This means that it might be that the best Apple could do with Final Cut would be to rewrite the whole application to fit better with the technology of 2009. It would probably take a few programmer-years to rewrite it all with no new big features. Experienced users would upgrade if all those little niggles were fixed, but Apple Marketing would have a problem with the ‘All new Final Cut Pro 7: Now works like it should have done for the last few years. Part of the new Final Cut Studio 3. Upgrade for only $499.’

Faithful Studio users are starting to request new features for their favourite apps, but it is likely that the feature list was frozen a little before Studio 2 was announced.

So, what would I add to Final Cut Studio 3? A built-in store for Final Cut Pro, LiveType, Motion, DVD Studio Pro, Compressor, Color, Soundtrack Pro, Aperture, Shake, Logic Pro, and MainStage.

Imagine having access to extra software and help from directly inside Apple ProApps. The Apple ProApps Store could also provide instant download access to plugins for Final Cut, Soundtrack, Motion, Compressor, Color, Aperture, Shake, Logic Pro and MainStage.

The economics of the App Store for the iPhone has changed the way people expect to be charged for their tools. Instead of buying large collections of royalty-free content, people could download just the parts they need. This would apply to clip video, livefonts, sound effects, music loops, and templates.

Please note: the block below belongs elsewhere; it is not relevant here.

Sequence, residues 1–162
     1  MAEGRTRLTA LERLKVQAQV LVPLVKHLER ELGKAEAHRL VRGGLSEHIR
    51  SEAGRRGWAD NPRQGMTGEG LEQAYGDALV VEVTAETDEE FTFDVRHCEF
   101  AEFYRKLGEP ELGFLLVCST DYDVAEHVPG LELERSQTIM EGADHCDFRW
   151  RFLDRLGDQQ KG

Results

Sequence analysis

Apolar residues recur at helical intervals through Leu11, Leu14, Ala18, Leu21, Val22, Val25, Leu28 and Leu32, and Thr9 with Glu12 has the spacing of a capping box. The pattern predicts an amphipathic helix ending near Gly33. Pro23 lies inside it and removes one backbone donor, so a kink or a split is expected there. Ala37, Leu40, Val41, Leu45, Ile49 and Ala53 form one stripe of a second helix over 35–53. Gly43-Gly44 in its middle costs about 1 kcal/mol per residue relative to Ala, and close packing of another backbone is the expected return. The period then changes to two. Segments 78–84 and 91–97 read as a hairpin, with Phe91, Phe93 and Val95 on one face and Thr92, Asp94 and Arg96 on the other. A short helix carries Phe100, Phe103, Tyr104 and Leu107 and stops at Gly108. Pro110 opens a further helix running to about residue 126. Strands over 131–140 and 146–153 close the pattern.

This would give people direct access to extra tools and help. This would also give tool makers access to a large community of users. As a Final Cut plugin creator, I would gladly give up 30% of my fees for Apple to handle distribution and billing for my software. They could even associate my plugins with specific serial numbers of Final Cut Pro and Motion. I could also provide free plugins, tutorials, footage and fonts to those who want them.

The Apple ProApps Store could also give access to freelancers who could provide personal tutorials, instant help and workflow consultancy. Sound designers, motion graphics professionals, typographers and programmers could make themselves available for commissioned work. Not many editors have created a professional environment for colour correction. Via the ProApps Store, freelance Apple Color graders could even colour correct a few representative frames from a series of shots in a difficult scene.

The Store could also provide a special search facilities that index external forums that might provide help when things go wrong or ideas when inspiration fails us.

Access to the store could be arranged through the Help system of each application. Version 1 could use a special version of the iTunes application. That would make the software engineering relatively simple given the huge effect this would have on the ProApps community.

If there was an Apple ProApps Store, what would you provide on it?

In which I provide some feedback to the UK government on their Digital Britain report: a place to build and democratise access to the internet.

From ‘two birds with one stone’ part of my brain, I’ve come up with an idea for the government that will head off complaints that Post Offices are being closed all over the country and get rural areas connected to the rest of the world.